Narodnaia Volia

Narodnaia Volia (Народная воля; People's Will). A conspiratorial Russian revolutionary populist organization that was formed in the summer of 1879 following a split in the organization Zemlia i Volia. Advocates of political struggle through the use of terror formed Narodnaia Volia, and those opposed to it formed Chernyi Peredel (Black Repartition). Narodnaia Volia never grew to be a large organization; it probably had no more than several dozen members at any given time. As its immediate aim the organization sought the destruction of autocracy, and the assassination of high-ranking government officials was chosen as a means of achieving that goal. The killing of the tsar soon became an idée fixe of the group, and on 1 March 1881, after numerous attempts, they succeeded.

Much of Narodnaia Volia's activities took place in Ukraine. Groups existed at one time or another in Kyiv, Kharkiv, Odesa, Mykolaiv, Nizhyn, Romny, Yelysavethrad, and Kamianets-Podilskyi. Despite the heavy concentration of activities in Ukraine Narodnaia Volia was a Russian organization and did not consider the rights of non-Russian nations important (although some of its manifestos and declarations were written in Ukrainian). A number of Ukrainians belonged to Narodnaia Volia, among them Andrei Zheliabov, Oleksii Bakh, and Mykola Kybalchych, who made the bomb that killed Alexander II.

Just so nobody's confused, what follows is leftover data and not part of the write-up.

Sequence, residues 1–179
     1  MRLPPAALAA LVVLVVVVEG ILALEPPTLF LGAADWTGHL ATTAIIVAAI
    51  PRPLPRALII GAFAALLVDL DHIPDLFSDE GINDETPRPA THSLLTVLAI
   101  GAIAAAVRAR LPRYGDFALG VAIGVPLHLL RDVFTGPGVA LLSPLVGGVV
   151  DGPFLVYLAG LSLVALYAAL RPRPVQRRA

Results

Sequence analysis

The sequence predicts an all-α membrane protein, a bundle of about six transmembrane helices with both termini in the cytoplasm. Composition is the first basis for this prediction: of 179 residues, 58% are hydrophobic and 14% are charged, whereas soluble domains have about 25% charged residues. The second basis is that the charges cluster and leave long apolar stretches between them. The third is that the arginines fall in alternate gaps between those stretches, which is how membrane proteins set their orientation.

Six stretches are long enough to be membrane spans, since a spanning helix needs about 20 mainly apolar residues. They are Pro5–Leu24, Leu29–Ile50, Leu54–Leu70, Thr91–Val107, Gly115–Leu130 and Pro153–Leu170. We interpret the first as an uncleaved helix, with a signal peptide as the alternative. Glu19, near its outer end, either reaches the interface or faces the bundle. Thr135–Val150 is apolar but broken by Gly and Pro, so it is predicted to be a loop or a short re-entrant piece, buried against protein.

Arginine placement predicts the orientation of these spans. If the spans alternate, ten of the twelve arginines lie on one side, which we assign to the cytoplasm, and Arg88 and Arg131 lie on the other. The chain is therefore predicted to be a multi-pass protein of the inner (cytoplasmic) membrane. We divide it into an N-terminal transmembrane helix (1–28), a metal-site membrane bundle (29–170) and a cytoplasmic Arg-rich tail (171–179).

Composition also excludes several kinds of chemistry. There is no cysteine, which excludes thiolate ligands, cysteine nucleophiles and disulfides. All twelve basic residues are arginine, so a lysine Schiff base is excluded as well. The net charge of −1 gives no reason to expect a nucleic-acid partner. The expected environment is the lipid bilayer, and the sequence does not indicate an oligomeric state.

Representatives of the Ukrainian national populist movement did not generally support Narodnaia Volia, although in the early 1880s Volodymyr Malovany, Mykhailo Kotsiubynsky, and Ivan Karpenko-Kary (Ivan Tobilevych) maintained ties with or helped Narodnaia Volia groups. Mykhailo Drahomanov wrote several articles and a major work, Istoricheskaia Pol’sha i velikorusskaia demokratiia (Historical Poland and Great Russian Democracy, 1881–2), in which he strongly criticized the Russian revolutionaries' use of terror. He also disapproved of their centralist tendencies, accused them of Jacobinism, and condemned them for disregarding the national rights of non-Russian nations.

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Bohdan Klid

[This article originally appeared in the Encyclopedia of Ukraine, vol. 3 (1993).]

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